The answer to that person’s question is simple. There are those who appreciate the classics and literary fiction but they are not the majority of the reading public. The majority of those who buy books or borrow them from the library read to be entertained. They want a story they can escape into. They want to be able to forget their worries for a few minutes or a few hours at a time. It really is that simple.

A look at this week’s New York Times best seller list tells the tale. Of the combined print and e-book list, four of the first five entries on the list are genre fiction. They are written by authors like Dan Brown, Stephen King (2 entries) and Nelson DeMille. The 5th book is a book of poetry. Looking at the hard cover list, none of the titles are what you might call “literary” fiction. Considering the fact this particular best seller list is determined by push and pre-orders (not completely, but to a large extent), it is obvious even publishers understand readers want something that has entertainment value to it.

Does all this mean indie writers don’t have challenges we need to meet headlong and overcome? Absolutely not. To start, we need to understand we have to put out the best product we can. That means our writing has to be good and it needs to be edited. We need to be prepared to take the slings and arrows of criticism leveled at us by those who have yet to realize there are more paths to success than traditional publishing. We need to develop a thick skin and be prepared with facts and figures when people come at us, telling us we aren’t “real writers” because we didn’t go through the gatekeepers. What those critics don’t understand is that our gatekeepers are our readers. If we don’t do our job well, readers won’t buy our product.

Now go forth and read — and write. If you read a book by an indie author, do them a favor and leave a review. Those help more than you realize. I’m off to find another cup of coffee now and then it is a day of writing. I can’t afford to wait a year or more between books coming out. Guess I’m not a “real writer”.

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Filed under AMANDA, WRITING: CRAFT

Return to the Extreme Pantser’s Guide: Pacing

Kate got caught up by real life and asked me to post this for her. This is the second in her “Return to the Extreme Pantser’s Guide” posts. You can find the first one here. — Amanda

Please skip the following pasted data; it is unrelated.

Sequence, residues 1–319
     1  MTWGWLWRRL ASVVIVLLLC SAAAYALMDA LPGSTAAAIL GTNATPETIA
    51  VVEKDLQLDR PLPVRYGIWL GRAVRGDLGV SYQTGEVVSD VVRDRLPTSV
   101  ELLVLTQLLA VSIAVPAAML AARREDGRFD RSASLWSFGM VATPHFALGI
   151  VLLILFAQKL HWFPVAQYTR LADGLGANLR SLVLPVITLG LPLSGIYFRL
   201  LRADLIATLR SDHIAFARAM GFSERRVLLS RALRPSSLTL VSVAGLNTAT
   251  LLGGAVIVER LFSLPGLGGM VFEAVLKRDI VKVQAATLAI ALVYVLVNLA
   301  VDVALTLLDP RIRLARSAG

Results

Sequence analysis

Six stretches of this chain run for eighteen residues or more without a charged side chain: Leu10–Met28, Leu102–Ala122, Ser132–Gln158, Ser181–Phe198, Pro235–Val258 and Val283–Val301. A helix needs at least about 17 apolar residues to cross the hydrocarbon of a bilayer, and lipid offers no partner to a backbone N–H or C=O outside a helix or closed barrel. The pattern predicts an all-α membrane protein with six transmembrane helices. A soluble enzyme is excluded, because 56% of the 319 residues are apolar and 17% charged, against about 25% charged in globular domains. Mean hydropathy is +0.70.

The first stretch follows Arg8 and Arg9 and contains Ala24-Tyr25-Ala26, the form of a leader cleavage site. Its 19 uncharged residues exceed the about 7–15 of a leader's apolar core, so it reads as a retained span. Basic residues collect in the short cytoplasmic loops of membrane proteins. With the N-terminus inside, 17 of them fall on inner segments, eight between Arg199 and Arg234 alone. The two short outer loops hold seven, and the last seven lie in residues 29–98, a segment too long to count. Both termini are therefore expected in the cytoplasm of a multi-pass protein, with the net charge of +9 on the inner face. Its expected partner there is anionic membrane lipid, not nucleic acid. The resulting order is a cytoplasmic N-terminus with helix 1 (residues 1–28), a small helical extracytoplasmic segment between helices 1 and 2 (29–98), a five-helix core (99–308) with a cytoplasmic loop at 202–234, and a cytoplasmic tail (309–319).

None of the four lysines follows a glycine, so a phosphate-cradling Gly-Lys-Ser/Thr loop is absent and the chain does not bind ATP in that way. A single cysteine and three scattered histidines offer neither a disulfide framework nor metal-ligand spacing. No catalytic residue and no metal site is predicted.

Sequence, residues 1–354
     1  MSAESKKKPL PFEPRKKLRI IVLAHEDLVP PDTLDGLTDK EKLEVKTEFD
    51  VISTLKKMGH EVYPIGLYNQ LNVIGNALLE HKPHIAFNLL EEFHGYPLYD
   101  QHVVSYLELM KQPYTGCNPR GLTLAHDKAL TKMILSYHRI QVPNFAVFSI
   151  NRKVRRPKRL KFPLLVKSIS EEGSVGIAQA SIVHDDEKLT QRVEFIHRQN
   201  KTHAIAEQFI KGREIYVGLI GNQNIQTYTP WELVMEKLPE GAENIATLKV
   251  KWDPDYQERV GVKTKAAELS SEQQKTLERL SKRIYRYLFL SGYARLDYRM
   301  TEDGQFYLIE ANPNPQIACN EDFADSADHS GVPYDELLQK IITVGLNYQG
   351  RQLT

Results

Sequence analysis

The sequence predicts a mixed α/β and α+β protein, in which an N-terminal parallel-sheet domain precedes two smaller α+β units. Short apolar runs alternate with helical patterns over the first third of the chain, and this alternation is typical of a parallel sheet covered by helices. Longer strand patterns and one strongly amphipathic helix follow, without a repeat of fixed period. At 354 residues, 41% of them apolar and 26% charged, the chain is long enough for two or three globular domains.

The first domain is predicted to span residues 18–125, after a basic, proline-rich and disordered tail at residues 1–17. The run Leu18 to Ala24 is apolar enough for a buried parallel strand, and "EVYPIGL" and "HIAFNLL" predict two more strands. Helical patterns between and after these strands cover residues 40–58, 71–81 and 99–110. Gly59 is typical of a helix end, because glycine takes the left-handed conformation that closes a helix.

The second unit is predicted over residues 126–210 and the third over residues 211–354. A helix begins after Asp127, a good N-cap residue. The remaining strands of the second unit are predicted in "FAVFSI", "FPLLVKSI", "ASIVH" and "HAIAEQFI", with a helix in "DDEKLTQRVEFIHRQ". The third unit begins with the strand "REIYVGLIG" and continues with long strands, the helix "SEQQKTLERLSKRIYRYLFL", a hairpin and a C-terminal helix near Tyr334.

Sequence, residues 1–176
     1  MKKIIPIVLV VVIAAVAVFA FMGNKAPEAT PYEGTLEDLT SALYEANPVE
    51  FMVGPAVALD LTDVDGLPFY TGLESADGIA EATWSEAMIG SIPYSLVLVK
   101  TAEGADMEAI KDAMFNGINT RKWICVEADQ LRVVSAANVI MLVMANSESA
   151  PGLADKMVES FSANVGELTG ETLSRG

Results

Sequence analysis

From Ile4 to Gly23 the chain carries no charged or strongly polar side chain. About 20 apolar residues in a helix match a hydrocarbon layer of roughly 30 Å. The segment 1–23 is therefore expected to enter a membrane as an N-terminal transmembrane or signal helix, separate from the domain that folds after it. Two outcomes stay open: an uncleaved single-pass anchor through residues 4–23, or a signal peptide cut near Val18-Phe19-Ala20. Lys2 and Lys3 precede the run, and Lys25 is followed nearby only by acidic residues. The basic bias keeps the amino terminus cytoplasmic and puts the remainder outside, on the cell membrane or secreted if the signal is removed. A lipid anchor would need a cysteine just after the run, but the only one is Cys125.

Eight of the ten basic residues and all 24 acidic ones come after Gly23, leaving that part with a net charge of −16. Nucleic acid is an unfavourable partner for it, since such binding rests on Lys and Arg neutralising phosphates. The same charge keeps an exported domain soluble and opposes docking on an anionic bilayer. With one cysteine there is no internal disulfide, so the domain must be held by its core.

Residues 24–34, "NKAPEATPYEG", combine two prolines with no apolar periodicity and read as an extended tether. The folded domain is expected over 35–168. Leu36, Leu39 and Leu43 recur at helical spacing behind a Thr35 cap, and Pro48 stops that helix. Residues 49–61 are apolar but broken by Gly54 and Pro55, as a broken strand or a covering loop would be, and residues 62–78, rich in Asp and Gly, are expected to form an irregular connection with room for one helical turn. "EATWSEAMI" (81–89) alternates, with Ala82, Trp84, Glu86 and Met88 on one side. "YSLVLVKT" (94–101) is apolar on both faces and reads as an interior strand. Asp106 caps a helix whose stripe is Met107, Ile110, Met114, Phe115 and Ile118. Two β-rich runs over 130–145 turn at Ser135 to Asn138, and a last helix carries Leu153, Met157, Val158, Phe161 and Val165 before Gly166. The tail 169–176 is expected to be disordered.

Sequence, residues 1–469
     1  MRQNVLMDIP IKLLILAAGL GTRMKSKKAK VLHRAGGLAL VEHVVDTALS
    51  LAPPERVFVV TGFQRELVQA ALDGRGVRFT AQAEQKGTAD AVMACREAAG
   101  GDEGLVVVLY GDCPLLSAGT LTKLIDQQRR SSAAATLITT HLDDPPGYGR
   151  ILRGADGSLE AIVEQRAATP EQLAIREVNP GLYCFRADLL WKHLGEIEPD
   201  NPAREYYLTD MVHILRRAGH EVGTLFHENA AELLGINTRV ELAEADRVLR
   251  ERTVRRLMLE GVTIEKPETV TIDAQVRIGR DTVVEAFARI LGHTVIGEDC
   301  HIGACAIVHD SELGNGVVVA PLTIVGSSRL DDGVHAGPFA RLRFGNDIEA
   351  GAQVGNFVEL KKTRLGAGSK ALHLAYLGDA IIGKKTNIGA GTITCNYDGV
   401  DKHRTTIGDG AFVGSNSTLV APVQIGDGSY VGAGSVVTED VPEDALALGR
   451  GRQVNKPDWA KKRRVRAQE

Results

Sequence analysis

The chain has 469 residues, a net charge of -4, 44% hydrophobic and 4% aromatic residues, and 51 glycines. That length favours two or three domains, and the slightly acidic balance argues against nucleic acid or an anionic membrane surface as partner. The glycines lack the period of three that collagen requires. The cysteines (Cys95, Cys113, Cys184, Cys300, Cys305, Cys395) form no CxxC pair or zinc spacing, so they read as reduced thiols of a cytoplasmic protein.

This chapter is the first of several covering various aspects of plotting and characterization technique from the extreme pantser’s perspective. The thing to remember here, is that this is stuff that matters, and if you as an extreme pantser don’t ‘get’ it free, you’re going to have to work a lot harder than a plotter would to get there – but not necessarily work in the same way.

One of the more interesting things I’ve found as I’ve developed as a writer is that I typically have a vague, not terribly clear feel for the techniques, but I’m not applying them with any sense or consistency because I don’t understand what the heck it is I’m trying to do, much less what my subconscious is throwing at me. Those unfortunate enough to have read some of my early stuff know what I mean here. You can see the shape I’m after but it’s kind of like a small child trying to color inside the lines.

I still color like that, but at least I’ve got better at writing.

So, pacing. This is what makes a story feel fast or slow. Unless you’re planning on writing literary fiction, you’re going to want a variety in your pacing – enough fast sections to drag your readers along with you, and enough slower ones that they have time to breathe. SF and Fantasy, particularly recently, tends to want to start fast, then have something of a slowdown before a series of increasingly sharper accelerations until the climax of the piece. Most – but not all – authors will give a chapter or three of wrapup after that at a nice, gentle pace. Sarah refers to this as the post-climax cigarette.

Pace is partly influenced by vocabulary: short, sharp verbs with minimal assistance from adverbs, action verbs in the sense that someone (preferably your protagonist) is acting… these tend to signal ‘fast’ to readers. Polysyllabic with lots of descriptive usually signals ‘slow’. We as readers are remarkably sensitive to these – to the extent that a particularly fast-paced scene in someone else’s book is quite capable of having me breathing heavily and feeling as though I just outran a bear.

So… read what you can about pacing, but also read fiction with known pace. L.K. Hamilton’s first three books are close to perfect examples of fast-paced. Terry Pratchett’s pacing is generally more leisurely, but again, pitch-perfect.

What tends to happen is that after immersing yourself in well-paced books, the extreme pantser builds a feel for pacing that manifests as “Something needs to happen soon” or “My character needs a break” – also, “Slowing things down here will increase tension” has been known to occur. In my case, rarely quite that explicit, but I do still operate at this level.

I know this sounds very vague and almost – horrors! – frou-frou, but it does seem to work this way at least for me. I’ve had to learn to trust in the pants, not least because the bloody things know more about how this works than I do (As a side note, this is one of the reasons why I’m bloody dangerous when I’m over-tired. It’s not just the narcolepsy, although that doesn’t help. It’s that all the ‘this is not socially acceptable’ filters stop working – which leads to unacceptable truths being aired out, often loudly).

 

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Filed under KATE PAULK, WRITING: CRAFT